Original Research

Black customers' perceptions of service quality in the life assurance industry

Merle Sandler, Mike Bendixen, Riri Elfassy
South African Journal of Business Management | Vol 26, No 3 | a831 | DOI: https://doi.org/10.4102/sajbm.v26i3.831 | © 2018 Merle Sandler, Mike Bendixen, Riri Elfassy | This work is licensed under CC Attribution 4.0
Submitted: 15 October 2018 | Published: 30 September 1995

About the author(s)

Merle Sandler, Graduate School of Business Administration, University of the Witwatersrand, South Africa
Mike Bendixen, Graduate School of Business Administration, University of the Witwatersrand, South Africa
Riri Elfassy, Graduate School of Business Administration, University of the Witwatersrand, South Africa

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Abstract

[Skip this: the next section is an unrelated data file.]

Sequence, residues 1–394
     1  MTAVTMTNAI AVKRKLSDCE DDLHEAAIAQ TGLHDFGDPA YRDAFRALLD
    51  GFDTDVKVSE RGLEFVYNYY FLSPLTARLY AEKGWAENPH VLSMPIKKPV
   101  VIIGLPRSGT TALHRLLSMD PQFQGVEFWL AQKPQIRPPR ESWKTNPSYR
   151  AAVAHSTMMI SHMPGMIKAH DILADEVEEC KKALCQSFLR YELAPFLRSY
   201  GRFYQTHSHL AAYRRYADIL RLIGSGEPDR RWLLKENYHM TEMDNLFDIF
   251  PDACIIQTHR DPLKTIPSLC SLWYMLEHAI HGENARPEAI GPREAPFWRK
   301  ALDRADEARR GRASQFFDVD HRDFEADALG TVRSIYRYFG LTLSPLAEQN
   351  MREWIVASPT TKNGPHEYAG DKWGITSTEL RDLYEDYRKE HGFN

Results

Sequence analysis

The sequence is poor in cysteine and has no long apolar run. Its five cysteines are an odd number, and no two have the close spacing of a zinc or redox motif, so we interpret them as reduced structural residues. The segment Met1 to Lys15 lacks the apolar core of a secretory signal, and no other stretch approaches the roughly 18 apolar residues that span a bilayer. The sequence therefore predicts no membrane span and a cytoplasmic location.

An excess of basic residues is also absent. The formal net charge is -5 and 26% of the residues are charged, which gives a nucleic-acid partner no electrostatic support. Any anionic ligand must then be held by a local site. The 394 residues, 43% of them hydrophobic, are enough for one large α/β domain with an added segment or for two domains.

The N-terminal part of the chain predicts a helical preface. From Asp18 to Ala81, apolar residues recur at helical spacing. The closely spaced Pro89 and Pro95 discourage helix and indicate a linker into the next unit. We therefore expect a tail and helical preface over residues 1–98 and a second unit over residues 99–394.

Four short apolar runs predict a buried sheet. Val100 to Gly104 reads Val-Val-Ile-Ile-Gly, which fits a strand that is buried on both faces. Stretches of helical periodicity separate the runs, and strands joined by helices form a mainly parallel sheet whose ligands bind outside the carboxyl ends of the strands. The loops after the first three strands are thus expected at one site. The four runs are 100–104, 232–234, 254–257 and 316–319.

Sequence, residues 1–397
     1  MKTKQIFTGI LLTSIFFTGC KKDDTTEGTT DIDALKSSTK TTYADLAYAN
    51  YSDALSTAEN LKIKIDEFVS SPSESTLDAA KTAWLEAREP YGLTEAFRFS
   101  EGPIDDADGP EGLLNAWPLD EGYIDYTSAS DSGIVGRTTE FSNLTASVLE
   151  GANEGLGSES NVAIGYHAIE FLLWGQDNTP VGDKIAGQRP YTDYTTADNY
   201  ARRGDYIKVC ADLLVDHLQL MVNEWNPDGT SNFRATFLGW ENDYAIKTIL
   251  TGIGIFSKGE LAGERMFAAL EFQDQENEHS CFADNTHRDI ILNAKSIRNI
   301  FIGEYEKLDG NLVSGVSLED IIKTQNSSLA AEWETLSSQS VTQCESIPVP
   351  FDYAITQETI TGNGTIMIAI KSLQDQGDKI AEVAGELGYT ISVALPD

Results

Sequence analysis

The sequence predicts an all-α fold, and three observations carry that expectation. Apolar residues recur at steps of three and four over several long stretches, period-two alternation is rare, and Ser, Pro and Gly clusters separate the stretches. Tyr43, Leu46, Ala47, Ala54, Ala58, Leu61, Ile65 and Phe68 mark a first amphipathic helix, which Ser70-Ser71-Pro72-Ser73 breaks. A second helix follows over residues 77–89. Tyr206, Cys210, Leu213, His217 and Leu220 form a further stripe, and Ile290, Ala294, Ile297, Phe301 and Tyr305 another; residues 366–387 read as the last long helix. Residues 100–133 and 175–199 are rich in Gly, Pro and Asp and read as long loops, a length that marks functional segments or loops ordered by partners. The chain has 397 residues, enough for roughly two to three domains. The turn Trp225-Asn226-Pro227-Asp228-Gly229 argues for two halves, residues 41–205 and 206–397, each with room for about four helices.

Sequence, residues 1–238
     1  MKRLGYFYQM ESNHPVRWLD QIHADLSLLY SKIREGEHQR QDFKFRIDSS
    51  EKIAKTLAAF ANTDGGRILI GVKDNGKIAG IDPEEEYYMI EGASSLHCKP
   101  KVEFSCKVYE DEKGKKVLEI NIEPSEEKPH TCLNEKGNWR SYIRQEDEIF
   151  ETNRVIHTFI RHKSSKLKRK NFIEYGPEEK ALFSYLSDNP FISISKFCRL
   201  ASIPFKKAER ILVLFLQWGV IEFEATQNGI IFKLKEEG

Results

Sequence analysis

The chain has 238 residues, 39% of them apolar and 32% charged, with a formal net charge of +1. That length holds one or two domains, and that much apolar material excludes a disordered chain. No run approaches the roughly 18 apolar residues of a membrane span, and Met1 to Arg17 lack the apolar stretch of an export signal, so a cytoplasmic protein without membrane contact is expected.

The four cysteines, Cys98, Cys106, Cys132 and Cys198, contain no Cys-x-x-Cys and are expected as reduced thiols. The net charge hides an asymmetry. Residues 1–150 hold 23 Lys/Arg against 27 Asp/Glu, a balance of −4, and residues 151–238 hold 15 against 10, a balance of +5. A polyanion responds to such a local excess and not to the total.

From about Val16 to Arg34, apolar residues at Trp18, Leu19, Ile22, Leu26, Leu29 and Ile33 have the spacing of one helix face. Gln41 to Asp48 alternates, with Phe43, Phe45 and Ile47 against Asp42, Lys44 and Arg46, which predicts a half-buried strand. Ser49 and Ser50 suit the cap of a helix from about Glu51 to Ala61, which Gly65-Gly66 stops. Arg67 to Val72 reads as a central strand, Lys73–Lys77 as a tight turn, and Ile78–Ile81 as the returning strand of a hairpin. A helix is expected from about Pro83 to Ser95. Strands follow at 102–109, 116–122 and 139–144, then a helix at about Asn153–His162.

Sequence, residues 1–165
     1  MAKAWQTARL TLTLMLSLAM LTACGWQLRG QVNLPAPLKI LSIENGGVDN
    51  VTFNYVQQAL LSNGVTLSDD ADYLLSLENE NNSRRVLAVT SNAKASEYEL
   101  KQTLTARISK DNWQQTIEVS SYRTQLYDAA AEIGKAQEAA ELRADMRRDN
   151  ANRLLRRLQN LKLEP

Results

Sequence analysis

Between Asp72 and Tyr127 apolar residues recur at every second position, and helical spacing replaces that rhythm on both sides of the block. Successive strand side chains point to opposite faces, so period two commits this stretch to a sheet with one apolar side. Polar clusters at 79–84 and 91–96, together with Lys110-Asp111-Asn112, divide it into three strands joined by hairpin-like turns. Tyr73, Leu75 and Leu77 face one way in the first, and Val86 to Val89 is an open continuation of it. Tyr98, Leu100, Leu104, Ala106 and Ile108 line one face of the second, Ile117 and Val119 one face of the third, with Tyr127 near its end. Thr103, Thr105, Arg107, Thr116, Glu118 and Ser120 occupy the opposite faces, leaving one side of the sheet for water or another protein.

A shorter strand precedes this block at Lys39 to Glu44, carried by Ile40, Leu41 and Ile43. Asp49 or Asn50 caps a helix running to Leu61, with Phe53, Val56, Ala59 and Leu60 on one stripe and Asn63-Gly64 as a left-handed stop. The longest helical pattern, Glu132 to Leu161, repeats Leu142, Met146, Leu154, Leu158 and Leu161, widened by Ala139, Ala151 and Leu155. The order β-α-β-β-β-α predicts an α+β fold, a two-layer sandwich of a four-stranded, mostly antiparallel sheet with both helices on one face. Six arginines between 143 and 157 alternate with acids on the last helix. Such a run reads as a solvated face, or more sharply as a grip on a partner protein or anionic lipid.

With this research we sought to evaluate black customers' perceptions of service quality in the life assurance industry. Personal interviews were conducted nationwide with 165 policy holders of a company. Altogether 18 of the company's managers from various regions filled in the questionnaire for comparison purposes. The difficulties experienced in doing research in disadvantaged communities were highlighted. This could be a challenging area for future research as the specific needs of consumers in this important market are still largely unknown to marketers and service providers. The pilot study revealed that it was necessary to simplify the scales that are usually used, to phrase the questions in the terminology used by the consumer and to rescale the responses. It was established that the criteria used by black customers in the life assurance industry to assess service quality were different from those of Parasuraman, Zeithaml & Berry but the generally held view that expectations of service quality are higher than perceptions was upheld. Cluster analysis and ANOVA revealed that perceptions of service quality varied among customers with different socio-economic backgrounds.

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